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Fridge Kegerator

FYI - You can turn basically any refrigerator into a kegerator with a minimal amount of time and effort.  Check out the newly added pictures and instructions below for more information.


After my Sanyo 2-tap kegerator died on me after a bad flood, I needed a new kegerator since four beers on tap just wouldn't be enough.  I ended up finding this fridge on Craigslist that looked like it would hold a good number of kegs.  The guy was looking for $80 or a trade for a dorm fridge, which worked out great since I had a small fridge I wasn't using.


So after hauling this huge beast into my basement, I drilled out the door and mounted my shanks and taps.  I decided to put the taps as high up on the door as I could while still being able to open the freezer door.  The freezer comes in handy to make ice in trays and store hops.  For labels, I took some inspiration from the tap handle project and used playing card sleeves with magnetic tape on the back.  This way I can use the same label template I made and be able to clearly determine what beer is on tap where.


UPDATE 3/14/2017:  The fridge kegerator is still up and running.  The compressor seems to run more often than it should, but it's still keeping beer & hops cold and making ice.  I've added a few pictures below showing my hops stored in the freezer portion as well as what the inside of the freezer looks like.  This should help to show the placement of the shanks as well as the rest of the tubing and gas inside the kegerator. 







Build Process


Drill Holes for Your Beer Shanks - Look inside the door of your fridge and see if there is a good location where you can drill without having to modify the molding.  Some people like to remove the inner door panel and cover the area with a flat piece of moisture-resistant material.  This may also be necessary depending on how your kegs fit inside the fridge.  Mark your holes with a piece of painters tape after measuring to make sure they are equal distances apart and there is enough room for the plastic surround on the shank.  Using a step drill bit , drill a 1" hole through the fridge door and then into the inner-portion of the fridge.  NOTE: There shouldn't be any water or coolant lines running through the door of your fridge, but you should double-check just in case before you start drilling anything.


Install Shanks - Slid your shanks through the holes in the fridge door and screw down the fastening nut on the inside of the shank.  Make sure the nut is tight, but do not over-tighten to where you may crack the inner fridge molding.  As you can see from the picture below, sometimes you have to add a little reinforcement in the way of a chunk of spare wood.



Attach Beer Tubing & Quick Disconnects - Once your shanks are installed, it's time to get your beer tubing and quick disconnects attached.  You'll need 5-6 feet of 3/16" ID beverage tubing  per line on your kegerator.  This provides a balanced kegging system when dispensed at 10-12 PSI.  To make inserting the tubing onto the shank barb and quick disconnect barb, a trick I've used over the years is to have a small glass of hot water that you dip the end of the tubing into in order to make it more soft.  After you've dunked your tubing into the hot water for a few seconds, place a hose clamp over the end of the tube, work the tube over the barb, and then tighten the clamp.  Be sure not to over-tighten the hose clamp, as that will cause the clamp to dig into the tubing.  Perform the same on the quick disconnect(s)  and the remaining shanks in your kegerator.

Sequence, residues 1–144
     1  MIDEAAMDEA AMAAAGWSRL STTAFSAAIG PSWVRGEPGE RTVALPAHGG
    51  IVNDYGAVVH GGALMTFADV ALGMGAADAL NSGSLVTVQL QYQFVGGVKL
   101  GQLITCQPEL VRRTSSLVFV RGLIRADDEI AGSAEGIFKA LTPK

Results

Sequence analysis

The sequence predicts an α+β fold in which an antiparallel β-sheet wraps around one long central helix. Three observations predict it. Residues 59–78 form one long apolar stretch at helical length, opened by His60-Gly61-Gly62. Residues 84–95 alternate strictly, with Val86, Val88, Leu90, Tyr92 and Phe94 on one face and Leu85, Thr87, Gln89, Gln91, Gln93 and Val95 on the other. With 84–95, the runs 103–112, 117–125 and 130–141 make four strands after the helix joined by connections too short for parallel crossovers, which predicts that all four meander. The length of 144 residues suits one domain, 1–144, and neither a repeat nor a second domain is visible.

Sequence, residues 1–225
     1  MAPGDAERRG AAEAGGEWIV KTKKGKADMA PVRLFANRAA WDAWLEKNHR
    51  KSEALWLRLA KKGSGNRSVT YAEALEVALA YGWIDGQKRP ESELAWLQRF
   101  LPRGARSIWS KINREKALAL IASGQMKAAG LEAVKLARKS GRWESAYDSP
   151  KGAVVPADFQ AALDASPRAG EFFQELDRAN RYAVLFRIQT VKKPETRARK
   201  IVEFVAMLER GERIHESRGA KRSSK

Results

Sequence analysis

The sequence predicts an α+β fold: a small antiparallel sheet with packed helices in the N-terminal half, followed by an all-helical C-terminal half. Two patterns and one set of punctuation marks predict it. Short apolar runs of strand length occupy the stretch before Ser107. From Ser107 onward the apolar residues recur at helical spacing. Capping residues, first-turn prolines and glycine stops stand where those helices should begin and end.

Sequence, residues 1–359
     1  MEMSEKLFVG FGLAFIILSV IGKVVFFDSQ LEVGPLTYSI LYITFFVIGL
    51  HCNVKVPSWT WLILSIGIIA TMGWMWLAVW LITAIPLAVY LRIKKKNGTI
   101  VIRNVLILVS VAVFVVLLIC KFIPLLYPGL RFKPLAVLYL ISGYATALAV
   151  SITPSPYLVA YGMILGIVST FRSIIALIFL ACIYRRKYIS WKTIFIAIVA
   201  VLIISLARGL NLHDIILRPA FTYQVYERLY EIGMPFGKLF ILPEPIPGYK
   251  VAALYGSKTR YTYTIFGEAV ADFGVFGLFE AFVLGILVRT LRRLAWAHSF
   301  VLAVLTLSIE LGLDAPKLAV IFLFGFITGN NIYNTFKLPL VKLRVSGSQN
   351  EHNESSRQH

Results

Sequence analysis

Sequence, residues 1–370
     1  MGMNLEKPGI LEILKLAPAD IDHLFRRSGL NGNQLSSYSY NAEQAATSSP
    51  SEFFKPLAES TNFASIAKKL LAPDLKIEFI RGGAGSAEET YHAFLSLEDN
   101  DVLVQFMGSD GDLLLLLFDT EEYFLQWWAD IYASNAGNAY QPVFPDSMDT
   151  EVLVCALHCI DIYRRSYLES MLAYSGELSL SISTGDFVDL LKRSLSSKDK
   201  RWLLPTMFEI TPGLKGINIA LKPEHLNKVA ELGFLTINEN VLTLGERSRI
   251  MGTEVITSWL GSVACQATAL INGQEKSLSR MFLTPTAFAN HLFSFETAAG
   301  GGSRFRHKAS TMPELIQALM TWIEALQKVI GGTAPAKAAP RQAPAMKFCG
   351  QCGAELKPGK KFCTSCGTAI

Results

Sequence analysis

Attach the Faucet(s) to Shank(s) - Using a faucet wrench , attach your faucet to the shank and make sure it's straight.  Be sure the grooves on the faucet line up with the grooves on the shank before tightening down too much.



Build CO2 System - If you have more than one keg on tap, you'll probably want to buy a CO2 manifold.  These come with check-valves that prevent beer from running back into the CO2 lines if there happens to be an issue with negative pressure.  The layout of your fridge kegerator will determine if you can store your CO2 inside or outsize your fridge.  I would suggest inside if you have the space.  That way you don't need to try and find a spot to drill into the back or side of your fridge and potentially hit a coolant line.



Customize as Needed - You may need to make modifications to your fridge in order to get everything to fit as you want.  For example, in the image above, I had to build a small shelf with angled legs in order for me to fit kegs on top of the compressor hump in the back of my my fridge.  This can easily be done using spare wood and some screws.  Other modifications may include removing portions of the fridge door, adjusting shelves, using a bracket to attach the fridge & freezer doors (used if you want to use regular size tap handles that would be knocked open when opening the freezer door), or any number of other small things.  Every fridge and kegerator is different, so this part is completely up to you.  FYI - The freezer portion of your fridge is great for storing hops and making extra ice for mixed drinks.




Test the System - I usually like to test out a system with a keg of sanitizer before running any beer through it.  Fill a keg with a few gallons of sanitizer, pressurize at 30 PSI to seal the lid, attach the keg to each one of your faucets, and run the sanitizer through at 10-12 PSI to make sure things are working as expected and there are no leaks.  NOTE:  CO2 lines and connections can be tested with a spray bottle of soapy water.  If your connections bubble up, you know there is a gas leak that needs to be addressed.  If your testing is successful, it's time to put some beer on tap!!!!

Contact Information:  MikeYoungHB at gmail.com

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